Before today's decision, it was legal in 28 states to fire someone or refuse them a promotion simply because they were gay or transgender.

    Marcia Coyle is chief Washington correspondent for "The National Law Journal."

  • Marcia Coyle:

    I think it is fair to call it a landmark decision, one, because it took — it has been a long time coming, long-fought by the LGBTQ community.

    We don't know yet all the implications of the decision. And some of the questions that were raised in the opinions, Justice Gorsuch said will be saved for another day. But it clearly is going to make employers across the United States think about their employment policies towards their workers, as well as job applicants.

  • John Yang:

    Gorsuch brushed aside the Trump administration's argument that the Civil Rights Act of 1964 was not written with gay and transgender people in mind: "The limits of the drafters' imagination supply no reason to ignore the law's demands."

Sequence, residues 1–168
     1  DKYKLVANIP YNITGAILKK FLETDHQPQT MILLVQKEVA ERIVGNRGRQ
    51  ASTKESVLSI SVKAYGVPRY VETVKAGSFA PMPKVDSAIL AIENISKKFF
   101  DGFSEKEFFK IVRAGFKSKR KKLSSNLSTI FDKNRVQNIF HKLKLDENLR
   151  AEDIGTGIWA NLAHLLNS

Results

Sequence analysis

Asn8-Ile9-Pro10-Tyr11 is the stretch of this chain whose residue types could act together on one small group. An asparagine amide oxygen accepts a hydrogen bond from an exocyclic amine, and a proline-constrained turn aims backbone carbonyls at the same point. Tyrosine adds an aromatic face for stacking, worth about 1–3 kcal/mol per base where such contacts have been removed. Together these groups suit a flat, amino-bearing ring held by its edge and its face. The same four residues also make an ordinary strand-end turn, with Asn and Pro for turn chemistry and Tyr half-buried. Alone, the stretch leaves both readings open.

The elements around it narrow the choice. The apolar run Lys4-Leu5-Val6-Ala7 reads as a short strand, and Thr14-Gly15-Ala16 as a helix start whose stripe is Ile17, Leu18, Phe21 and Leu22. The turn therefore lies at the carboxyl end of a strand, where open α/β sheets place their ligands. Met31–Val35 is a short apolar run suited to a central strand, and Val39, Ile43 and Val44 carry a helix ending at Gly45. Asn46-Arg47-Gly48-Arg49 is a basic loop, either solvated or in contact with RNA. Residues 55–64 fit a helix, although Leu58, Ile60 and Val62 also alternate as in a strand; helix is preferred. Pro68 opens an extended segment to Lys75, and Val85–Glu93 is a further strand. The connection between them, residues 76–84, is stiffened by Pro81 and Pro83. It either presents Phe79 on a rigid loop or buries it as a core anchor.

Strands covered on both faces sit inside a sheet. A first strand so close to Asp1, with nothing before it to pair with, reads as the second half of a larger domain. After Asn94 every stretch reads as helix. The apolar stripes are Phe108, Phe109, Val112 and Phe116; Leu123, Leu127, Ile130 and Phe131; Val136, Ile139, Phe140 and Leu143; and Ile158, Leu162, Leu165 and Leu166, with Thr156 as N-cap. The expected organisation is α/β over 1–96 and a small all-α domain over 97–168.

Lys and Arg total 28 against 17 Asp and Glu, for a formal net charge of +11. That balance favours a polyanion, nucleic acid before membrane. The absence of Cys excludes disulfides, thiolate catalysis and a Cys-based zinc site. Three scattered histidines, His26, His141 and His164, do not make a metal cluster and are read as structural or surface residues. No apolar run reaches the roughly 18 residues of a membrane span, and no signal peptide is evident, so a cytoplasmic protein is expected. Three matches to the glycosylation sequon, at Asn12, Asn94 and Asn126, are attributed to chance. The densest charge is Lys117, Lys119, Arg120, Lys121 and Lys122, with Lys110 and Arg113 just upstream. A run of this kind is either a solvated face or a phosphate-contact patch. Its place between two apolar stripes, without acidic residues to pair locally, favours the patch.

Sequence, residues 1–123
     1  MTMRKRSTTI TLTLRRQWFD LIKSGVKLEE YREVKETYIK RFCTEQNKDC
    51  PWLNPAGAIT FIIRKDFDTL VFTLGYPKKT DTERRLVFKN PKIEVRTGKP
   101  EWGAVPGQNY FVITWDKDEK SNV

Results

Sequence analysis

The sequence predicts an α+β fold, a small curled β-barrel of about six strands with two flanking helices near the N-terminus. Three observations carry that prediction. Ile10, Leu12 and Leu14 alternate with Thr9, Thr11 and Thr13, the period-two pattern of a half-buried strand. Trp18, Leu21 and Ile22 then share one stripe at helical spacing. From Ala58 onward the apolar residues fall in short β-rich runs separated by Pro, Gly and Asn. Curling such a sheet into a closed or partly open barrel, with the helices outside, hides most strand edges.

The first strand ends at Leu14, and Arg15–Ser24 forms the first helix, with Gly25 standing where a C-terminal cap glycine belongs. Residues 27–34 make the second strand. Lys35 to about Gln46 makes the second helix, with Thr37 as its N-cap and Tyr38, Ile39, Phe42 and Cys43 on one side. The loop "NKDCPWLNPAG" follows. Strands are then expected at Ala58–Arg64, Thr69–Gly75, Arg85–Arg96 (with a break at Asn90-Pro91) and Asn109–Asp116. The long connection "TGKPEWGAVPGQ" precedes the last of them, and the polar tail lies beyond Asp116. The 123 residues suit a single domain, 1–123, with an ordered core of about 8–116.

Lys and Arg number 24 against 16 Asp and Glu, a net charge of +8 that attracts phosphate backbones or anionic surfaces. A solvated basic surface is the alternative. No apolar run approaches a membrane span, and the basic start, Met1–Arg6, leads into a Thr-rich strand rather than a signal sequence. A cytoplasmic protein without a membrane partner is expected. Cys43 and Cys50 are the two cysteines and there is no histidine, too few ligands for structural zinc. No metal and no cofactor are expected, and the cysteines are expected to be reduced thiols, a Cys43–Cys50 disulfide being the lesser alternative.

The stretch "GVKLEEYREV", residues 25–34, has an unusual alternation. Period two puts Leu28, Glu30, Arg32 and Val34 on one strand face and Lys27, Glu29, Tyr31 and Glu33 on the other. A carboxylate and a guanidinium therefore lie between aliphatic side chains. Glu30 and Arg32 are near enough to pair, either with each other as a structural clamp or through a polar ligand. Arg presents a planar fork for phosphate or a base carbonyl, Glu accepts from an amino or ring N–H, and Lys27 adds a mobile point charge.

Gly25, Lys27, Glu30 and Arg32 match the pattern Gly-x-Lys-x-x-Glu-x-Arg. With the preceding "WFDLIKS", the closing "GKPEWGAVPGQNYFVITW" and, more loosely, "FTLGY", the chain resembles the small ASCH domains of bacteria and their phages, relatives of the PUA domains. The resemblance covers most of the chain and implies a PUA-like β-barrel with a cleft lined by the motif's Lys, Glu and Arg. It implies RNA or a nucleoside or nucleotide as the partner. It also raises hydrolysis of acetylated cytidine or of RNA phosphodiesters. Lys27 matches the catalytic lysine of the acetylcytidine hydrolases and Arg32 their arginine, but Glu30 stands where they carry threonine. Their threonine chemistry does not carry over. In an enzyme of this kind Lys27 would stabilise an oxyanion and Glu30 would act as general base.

In dissent, Justice Samuel Alito, writing for himself and justice Clarence Thomas, was just as blunt: "There is only one word for what the court has done today: legislation."

    It was the Supreme Court's first significant gay rights decision not written by retired Justice Anthony Kennedy, who stepped down in 2018. Gorsuch, a Trump appointee, clerked for Kennedy, as did the third dissenting justice, Brett Kavanaugh, whom President Trump nominated to replace Kennedy.

    Kavanaugh wrote that the court effectively amended the civil rights law, a power that "belongs to Congress and the president in the legislative process, not to this court."

    Analysts said Gorsuch's opinion offered fresh insight into one of the court's newest justices.

  • Marcia Coyle:

    He sort of telegraphed where he was going during the oral arguments back in October. And, at that point, he talked about the text of Title VII, the words that employers shall not discriminate because of sex. This is perhaps his most in-depth application of textualism and how he reads statutes.

  • John Yang: